There are numerous lines showing Juliet's impatience. For example, in the first four lines of the soliloquy, Juliet is saying, "Night, hurry up and get here!" In lines 17, she urges night and Romeo to come, and in lines 20 and 21, she repeats this urging. In lines 28-31, she compares herself to "an impatient child" who has new clothes she is not allowed to wear until the festival begins. I think it would be fair to say that her impatience show her passion for Romeo. If she had no passion, she would not care when or if he came to her!
Juliet's praise of Romeo shows her passion and love,too. In lines 22-25, she says that if he is cut into little stars, the "face of heaven," meaning the sky, will be so beautiful people will love the night and ignore the sun.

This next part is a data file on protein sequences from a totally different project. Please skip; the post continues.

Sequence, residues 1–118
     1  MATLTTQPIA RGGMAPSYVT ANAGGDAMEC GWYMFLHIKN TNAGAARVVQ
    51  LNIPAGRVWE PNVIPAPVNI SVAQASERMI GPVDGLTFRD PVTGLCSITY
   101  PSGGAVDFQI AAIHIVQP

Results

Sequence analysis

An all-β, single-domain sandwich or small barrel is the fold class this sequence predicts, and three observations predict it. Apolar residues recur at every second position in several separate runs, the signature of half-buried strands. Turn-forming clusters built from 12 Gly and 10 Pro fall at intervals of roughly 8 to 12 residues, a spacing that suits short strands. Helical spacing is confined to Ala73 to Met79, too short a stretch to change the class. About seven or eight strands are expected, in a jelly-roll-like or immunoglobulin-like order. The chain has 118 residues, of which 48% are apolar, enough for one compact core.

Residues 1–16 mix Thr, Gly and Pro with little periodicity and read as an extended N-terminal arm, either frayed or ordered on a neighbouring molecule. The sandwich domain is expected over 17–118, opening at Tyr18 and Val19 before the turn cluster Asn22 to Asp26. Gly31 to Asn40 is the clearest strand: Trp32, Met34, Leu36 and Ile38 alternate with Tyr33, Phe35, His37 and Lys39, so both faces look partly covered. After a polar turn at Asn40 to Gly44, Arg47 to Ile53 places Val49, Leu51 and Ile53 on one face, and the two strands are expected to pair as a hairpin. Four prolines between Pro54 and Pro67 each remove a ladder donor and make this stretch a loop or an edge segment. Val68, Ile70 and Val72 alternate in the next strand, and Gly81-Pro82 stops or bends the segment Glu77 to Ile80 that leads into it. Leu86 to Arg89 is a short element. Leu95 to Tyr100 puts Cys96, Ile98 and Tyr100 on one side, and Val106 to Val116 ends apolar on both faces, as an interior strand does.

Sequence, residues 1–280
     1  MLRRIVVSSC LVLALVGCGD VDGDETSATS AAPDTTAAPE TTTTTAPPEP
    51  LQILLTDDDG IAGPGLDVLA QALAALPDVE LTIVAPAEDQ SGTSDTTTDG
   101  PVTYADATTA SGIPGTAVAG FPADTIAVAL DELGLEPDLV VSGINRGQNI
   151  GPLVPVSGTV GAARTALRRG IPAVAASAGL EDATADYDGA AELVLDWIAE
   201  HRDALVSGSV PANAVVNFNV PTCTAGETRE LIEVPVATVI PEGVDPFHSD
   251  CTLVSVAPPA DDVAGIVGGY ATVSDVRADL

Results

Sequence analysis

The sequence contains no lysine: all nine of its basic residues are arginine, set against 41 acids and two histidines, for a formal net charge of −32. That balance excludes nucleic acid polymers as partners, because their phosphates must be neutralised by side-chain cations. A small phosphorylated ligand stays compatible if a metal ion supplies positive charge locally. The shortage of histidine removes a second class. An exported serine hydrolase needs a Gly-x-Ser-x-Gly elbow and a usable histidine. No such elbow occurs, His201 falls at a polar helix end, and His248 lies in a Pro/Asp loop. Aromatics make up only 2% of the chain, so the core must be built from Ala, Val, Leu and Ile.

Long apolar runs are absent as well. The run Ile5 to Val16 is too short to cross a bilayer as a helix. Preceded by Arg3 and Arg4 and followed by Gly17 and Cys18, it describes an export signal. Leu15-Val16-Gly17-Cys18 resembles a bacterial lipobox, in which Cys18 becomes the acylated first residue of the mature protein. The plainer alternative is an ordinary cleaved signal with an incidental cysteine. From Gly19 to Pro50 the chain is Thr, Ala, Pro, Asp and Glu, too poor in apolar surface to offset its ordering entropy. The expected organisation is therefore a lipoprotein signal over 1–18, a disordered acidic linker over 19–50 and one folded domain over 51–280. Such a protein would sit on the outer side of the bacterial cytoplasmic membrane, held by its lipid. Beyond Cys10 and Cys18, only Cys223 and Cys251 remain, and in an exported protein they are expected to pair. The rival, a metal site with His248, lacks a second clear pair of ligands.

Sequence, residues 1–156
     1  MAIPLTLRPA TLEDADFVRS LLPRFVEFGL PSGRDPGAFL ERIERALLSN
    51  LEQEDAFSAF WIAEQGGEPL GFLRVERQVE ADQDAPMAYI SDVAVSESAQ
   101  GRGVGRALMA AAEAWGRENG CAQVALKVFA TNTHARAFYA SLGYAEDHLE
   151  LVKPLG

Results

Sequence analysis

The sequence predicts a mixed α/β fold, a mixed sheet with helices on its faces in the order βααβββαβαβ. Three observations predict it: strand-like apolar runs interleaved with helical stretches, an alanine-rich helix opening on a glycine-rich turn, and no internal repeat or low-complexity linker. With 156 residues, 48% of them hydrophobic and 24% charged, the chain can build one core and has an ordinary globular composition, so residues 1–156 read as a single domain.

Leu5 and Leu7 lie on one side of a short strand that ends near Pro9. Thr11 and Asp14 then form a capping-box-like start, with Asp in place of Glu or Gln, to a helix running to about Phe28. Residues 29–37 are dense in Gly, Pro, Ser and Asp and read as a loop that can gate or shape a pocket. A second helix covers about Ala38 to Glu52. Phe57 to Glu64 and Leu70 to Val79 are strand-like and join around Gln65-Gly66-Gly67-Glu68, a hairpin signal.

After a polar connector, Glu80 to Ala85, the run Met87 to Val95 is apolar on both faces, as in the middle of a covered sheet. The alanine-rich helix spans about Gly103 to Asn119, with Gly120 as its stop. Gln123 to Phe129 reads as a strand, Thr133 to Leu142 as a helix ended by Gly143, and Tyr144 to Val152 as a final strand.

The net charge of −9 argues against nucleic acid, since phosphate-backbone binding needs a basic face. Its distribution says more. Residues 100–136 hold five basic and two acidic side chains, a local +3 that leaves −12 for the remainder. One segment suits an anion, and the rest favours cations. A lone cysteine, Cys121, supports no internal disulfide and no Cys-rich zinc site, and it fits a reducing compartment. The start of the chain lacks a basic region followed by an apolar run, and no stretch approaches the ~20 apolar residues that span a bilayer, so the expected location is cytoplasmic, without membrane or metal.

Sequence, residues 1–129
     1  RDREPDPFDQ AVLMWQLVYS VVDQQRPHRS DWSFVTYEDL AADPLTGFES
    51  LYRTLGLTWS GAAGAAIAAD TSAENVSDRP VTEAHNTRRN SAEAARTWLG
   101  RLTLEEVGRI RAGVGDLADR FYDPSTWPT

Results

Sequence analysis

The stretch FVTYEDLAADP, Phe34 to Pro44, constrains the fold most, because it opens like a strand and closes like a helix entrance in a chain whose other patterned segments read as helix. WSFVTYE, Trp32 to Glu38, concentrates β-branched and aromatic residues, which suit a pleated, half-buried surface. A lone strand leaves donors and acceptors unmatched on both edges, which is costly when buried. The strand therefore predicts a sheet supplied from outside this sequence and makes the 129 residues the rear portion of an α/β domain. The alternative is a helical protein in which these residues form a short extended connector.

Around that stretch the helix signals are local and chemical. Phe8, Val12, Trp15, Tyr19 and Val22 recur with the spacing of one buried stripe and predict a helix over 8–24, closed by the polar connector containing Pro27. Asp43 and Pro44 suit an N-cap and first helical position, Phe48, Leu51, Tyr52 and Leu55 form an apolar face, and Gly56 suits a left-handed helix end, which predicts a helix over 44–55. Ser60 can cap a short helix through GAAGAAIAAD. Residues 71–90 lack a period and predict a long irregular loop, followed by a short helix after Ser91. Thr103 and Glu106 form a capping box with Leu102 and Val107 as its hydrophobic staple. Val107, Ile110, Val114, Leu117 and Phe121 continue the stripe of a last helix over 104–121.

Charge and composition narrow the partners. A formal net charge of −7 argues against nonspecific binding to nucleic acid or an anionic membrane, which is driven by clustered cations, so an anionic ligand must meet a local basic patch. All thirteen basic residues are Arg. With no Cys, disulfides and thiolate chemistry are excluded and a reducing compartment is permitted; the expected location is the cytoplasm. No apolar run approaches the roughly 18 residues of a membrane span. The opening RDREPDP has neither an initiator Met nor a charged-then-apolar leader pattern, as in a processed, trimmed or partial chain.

Juliet's innocence is demonstrated when she says in lines 26-28 that she has bought "the mansion of love, but not possessed it" or "enjoyed it." This is a metaphor, the mansion of love being marriage. When Juliet says she hasn't possessed or enjoyed it, she means that the marriage has not been consummated, that she and Romeo have not had sex.
There are other examples of these qualities in the soliloquy, and if you read carefully, line by line, you will find them. Try "translating" each statement into modern-day English as you go. That will help you to see what Julliet is saying.
Good luck to you.